Attack Global Terrorist Networks
- Enlarge the active duty Army by 86,000 troops.
- Reengage in the Middle East peace process.
- Create a credible exit strategy from Iraq; clearly state our intention not to maintain any permanent military bases in Iraq or Afghanistan.
- Enhance intelligence and law enforcement capabilities and punish terrorist financers.
- Engage in a broad public diplomacy campaign designed to counter distorted perceptions of U.S. policies and values.
Counter the Nuclear Threat
- Engage in both multilateral and bilateral discussions with Iran and North Korea.
- Condition fulfillment of $3 billion of foreign aid to Pakistan on full access to A.Q. Khan
- Double funding to secure nuclear weapons and materials.
- Stop developing new nuclear bunker buster weapons.
- Develop a new nuclear posture for deployment and disarmament of our nuclear force.
Protect the Homeland
- Improve intelligence sharing within the federal government and establish Homeland Security Operations Centers in critical locations to improve the flow of threat information between federal and state and local authorities.
- Implement action plans to protect critical infrastructure such as ports, nuclear power plants, and chemical plants.
- Reexamine visa policies that have significantly slowed the flow of scholars, scientists, and students coming to the United States.
Prevent Conflict, Promote Prosperity
- Support the "responsibility to protect" doctrine and exert leadership to stop genocide in Darfur.
- Establish a new Department of International Development to oversee foreign assistance and conflict-prevention programs.
- Meet Millennium Development goals by increasing foreign assistance five-fold to 0.7 percent of GNP by 2015.
- Lead an aggressive effort to achieve final agreement in the Doha Development Round of international trade negotiations.
- Go beyond rhetoric and provide enduring support for democratic institutions and the rule of law.
- Monitor and press for human rights no matter the country.
- Work with democratic allies to support opposition movements in countries oppressed by tyranny.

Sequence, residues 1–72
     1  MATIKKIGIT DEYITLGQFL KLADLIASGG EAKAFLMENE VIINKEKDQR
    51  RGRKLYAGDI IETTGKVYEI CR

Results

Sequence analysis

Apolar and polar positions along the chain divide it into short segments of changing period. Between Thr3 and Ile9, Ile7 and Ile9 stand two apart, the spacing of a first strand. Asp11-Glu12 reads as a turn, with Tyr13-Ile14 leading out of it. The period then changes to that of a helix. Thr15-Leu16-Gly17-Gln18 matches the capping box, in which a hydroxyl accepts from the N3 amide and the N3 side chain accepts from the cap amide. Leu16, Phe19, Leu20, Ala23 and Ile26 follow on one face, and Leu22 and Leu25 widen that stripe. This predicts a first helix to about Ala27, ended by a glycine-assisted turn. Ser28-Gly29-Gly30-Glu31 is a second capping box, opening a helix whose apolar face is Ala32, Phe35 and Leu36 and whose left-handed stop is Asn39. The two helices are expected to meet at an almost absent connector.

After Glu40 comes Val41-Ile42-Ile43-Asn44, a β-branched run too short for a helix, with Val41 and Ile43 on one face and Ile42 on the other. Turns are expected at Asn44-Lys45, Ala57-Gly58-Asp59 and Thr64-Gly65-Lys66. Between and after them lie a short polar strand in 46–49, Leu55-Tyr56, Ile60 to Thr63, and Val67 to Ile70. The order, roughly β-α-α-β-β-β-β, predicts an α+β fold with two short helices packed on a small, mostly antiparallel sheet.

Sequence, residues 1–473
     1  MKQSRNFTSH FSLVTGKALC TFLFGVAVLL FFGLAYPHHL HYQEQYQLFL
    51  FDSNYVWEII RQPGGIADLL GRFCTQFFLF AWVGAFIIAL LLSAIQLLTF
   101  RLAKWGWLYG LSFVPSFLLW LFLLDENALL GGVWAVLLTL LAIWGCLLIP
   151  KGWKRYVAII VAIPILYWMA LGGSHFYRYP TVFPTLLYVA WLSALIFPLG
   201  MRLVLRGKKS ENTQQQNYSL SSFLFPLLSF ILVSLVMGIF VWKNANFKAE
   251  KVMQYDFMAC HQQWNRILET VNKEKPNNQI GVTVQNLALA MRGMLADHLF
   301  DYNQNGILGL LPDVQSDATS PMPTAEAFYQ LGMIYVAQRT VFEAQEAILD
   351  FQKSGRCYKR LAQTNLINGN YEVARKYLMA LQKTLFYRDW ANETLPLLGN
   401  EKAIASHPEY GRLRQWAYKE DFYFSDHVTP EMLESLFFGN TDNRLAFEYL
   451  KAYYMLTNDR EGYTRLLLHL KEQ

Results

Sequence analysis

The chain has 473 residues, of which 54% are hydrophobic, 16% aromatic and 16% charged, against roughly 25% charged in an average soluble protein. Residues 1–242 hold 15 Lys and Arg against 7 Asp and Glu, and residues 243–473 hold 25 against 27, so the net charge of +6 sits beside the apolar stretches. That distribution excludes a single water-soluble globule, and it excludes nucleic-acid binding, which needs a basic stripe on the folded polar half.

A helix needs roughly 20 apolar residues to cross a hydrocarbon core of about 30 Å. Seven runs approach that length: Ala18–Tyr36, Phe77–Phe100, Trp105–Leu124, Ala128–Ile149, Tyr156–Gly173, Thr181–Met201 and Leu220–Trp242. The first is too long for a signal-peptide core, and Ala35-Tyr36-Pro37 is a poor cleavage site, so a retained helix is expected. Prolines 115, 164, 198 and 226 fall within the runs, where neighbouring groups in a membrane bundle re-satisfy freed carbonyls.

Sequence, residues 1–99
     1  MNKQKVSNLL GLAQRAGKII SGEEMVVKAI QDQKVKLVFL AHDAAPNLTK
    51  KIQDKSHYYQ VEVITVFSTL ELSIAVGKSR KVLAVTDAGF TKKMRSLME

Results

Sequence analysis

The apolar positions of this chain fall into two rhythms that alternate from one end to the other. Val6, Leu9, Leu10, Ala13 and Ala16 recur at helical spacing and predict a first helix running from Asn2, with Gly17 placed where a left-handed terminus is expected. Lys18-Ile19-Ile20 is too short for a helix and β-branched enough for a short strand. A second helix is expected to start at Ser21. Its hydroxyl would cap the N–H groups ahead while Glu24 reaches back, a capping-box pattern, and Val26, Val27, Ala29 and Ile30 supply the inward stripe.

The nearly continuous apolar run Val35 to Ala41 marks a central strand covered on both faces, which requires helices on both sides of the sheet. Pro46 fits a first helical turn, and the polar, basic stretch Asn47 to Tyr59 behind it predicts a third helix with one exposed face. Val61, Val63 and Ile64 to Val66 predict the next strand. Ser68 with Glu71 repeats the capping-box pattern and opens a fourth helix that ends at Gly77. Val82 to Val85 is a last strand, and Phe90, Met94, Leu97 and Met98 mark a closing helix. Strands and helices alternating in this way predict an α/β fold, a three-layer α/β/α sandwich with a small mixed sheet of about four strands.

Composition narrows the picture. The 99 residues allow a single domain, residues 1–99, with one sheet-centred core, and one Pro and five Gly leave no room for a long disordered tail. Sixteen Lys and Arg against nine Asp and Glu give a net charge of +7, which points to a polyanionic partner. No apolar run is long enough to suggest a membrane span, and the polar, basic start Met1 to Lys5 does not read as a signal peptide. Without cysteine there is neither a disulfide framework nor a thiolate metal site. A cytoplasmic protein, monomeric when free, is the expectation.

Pursue Energy independence
- Recognize that energy policy is integral to our national security policy and work to achieve energy independence.
- Increase energy efficiency in transportation, new buildings, and household appliances.
- Deploy renewable energy sources by requiring that 25 percent of our electricity comes from renewable sources, investing in biofuels, and investing in the development of future fuels.
- Modernize America's energy infrastructure.
To speak with our experts on this topic, please contact:
Print: Liz Bartolomeo (poverty, health care)
202.481.8151 or firstname.lastname@example.org
Print: Tom Caiazza (foreign policy, energy and environment, LGBT issues, gun-violence prevention)
202.481.7141 or email@example.com
Print: Allison Preiss (economy, education)
202.478.6331 or firstname.lastname@example.org
Print: Tanya Arditi (immigration, Progress 2050, race issues, demographics, criminal justice, Legal Progress)
202.741.6258 or email@example.com
Print: Chelsea Kiene (women's issues, TalkPoverty.org, faith)
202.478.5328 or firstname.lastname@example.org
Print: Elise Shulman (oceans)
202.796.9705 or email@example.com
Print: Benton Strong (Center for American Progress Action Fund)
202.481.8142 or firstname.lastname@example.org
Spanish-language and ethnic media: Jennifer Molina
202.796.9706 or email@example.com
TV: Rachel Rosen
202.483.2675 or firstname.lastname@example.org
Radio: Chelsea Kiene
202.478.5328 or email@example.com